Like other canids, though, the hunters will bring back meat (usually in their bellies which they have to then puke up) to the den where the pups and adult puppy-sitters wait to be fed.

Pups are extremely cute – and we note two exceptional properties of the African Wild Dog’s appearance here. First, the ginormous round ears; and second, the patched coloration (the ‘pictus’ in their Latin name means ‘painted’) – the latter is more evident than the former in very young pups, as shown here.

Four-week old African Wild Dog pups

Four four-week old African Wild Dog pups

The African Wild Dog is the only extant representative of the Genus Lycaon, and is an endangered species. There are a number of organizations dedicated to protecting and preserving the AWD, and we hope that they are successful.

Here are some AWD pups playing in a pool at the Pittsburgh Zoo.  They are slightly older than the pups above, and have clearly had time for those ears to come in properly.  We urge you to compare and contrast this with the video of the baby elephants playing in a pool in the previous post, please. And note that whatever species you are, if you put a kid in a swimming pool, you know just what she’s likely to do.

African Elephant (Loxodonta africana)

•March 26, 2011 • Leave a Comment

The African elephant is the largest land animal on Earth.  The largest recorded weight for an elephant is 26,000 pounds, but even an average adult African elephant weighs 4.6 tons. They can stand 12 ft tall at the shoulder, carry tusks that weigh up to 200 lbs and are 10 ft in length, eat about 330 lbs of vegetation per day, and drink about 5 percent of their body weight per day.  Elephants will spend most of their day eating grass, leaves, twigs, and bark, approx. 16 hours per day.  Elephants are social animals.  Herds of elephants are lead by a matriarch and are comprised of males up to the age of 15 and females of all ages.  Males separate from the herd at 12-15 years of age and roam on their own.

African elephant

African Elephant


Elephant females mature at around age 11, while males mature at about age 15. Despite reaching maturity at around 15 years of age, males will not mate until their mid 20s when they have moved up the social hierarchy. Elephant gestation can take around 22 months: the longest gestation of any animal.  Baby elephants weigh about 200 lbs and stand about 3 ft tall, and have a long life to look forward to of around 70 years in the wild.  The oldest known elephant lived 82 years.  Elephant babies are blind and use their trunks and their mothers as guides to find their way.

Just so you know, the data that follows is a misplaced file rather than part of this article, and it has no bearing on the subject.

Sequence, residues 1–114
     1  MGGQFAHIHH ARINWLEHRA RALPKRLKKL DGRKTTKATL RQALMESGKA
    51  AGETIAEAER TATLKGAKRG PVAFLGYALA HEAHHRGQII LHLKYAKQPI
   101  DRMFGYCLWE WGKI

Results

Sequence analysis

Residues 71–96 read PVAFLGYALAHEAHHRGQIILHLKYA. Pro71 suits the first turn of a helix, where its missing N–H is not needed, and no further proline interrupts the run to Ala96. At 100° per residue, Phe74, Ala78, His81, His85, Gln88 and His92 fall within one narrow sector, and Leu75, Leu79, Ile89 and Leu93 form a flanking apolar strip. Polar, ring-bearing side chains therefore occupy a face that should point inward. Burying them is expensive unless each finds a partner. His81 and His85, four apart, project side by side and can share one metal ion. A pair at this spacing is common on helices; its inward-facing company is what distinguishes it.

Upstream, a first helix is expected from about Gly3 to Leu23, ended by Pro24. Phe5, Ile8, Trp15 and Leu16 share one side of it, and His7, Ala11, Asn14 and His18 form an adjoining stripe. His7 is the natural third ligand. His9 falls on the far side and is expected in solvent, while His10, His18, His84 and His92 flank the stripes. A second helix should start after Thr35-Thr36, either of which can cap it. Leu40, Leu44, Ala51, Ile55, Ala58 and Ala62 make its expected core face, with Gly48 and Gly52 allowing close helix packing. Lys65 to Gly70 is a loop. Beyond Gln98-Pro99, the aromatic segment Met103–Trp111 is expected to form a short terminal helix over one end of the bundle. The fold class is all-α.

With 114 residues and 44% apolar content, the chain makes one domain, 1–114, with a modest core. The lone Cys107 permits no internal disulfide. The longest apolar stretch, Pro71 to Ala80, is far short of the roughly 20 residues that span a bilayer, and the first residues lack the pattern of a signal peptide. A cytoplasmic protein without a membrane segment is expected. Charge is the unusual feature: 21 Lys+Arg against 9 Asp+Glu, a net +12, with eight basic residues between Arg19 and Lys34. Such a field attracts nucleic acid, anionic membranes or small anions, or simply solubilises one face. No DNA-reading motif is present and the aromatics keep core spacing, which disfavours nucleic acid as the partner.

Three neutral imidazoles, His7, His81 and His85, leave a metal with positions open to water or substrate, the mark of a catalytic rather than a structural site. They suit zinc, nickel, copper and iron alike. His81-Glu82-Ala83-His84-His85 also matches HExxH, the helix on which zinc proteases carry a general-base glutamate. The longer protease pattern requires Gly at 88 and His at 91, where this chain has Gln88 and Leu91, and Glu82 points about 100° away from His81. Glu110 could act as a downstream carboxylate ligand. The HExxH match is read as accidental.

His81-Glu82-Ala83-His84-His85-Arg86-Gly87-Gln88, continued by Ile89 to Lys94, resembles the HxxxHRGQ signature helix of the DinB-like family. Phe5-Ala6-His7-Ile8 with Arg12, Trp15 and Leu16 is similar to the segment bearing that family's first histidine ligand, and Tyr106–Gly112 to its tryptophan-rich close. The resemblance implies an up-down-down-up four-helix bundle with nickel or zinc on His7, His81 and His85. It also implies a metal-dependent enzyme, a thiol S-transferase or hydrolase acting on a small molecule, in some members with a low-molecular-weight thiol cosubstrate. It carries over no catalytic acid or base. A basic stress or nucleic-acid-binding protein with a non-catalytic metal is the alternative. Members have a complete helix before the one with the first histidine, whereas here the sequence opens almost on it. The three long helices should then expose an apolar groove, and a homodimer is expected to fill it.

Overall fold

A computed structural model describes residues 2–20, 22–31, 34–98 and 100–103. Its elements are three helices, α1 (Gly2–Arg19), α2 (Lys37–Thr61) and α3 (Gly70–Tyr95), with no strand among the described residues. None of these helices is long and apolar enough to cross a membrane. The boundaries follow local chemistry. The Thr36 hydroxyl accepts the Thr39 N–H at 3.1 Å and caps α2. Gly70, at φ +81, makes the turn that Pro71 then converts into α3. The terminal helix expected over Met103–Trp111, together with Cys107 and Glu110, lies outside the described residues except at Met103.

Elephant tusks are incisors, not canine teeth.  The tusks at birth are milk teeth which fall out at around 1 year of age.  Adult tusks start to protrude from the lips at around 2 to 3 years of age and continue growing throughout the elephant’s life.  Elephant teeth are gradually produced and are worn away as the elephant ages; the older teeth are pushed forward by the newer teeth and eventually fall out.  This process occurs until the sixth molar is produced.  In most elephants this is the final molar and will last for 2/5th of the animal’s life.  An elephant will usually die when this molar wears out due to starvation or being weakened due to malnutrition.  Rarely, elephants will produce a seventh molar which will extend their life.

Elephants do not grind their food in the same ways that cows do; cows will grind across their teeth from side to side whereas elephants will grind back to front.

Elephants have the largest brains of any land animal.  Elephants are extremely social,using their unique trunks to touch and caress each other.  Elephants have been known to show interest in the bones of other elephants, take care of sick or injured members of their clan, and seem to grieve for dead and dying elephants.  Elephants communicate by trumpeting and also by a deep rumbling sound. These deep rumblings are thought to be detectable for miles.

Elephants are vulnerable, not yet endangered.  They are threatened by habitat loss and poaching by humans.

Here is an example of the cuteness of baby elephants:

What is the smallest animal in the world?

•March 23, 2011 • Leave a Comment

The Tardigrade!

This is a question that many people have answered (incorrectly) on the web.  An animal is a multicellular organism, therefore the answer cannot be an amoeba.  It is not Megaphragma caribea, or fairyfly. The fairyfly is a parasitic wasp that lives on the island of Guadaloupe and feeds off the eggs of other insects. Specimens have been found between 0.10 mm to 0.17 mm in length, which makes it the smallest insect in the world, but there are other animals that are smaller still.  This wasp is smaller than the smallest vertebrate and the smallest mammal, yet all of these are beaten out by a little creature known as a tardigrade.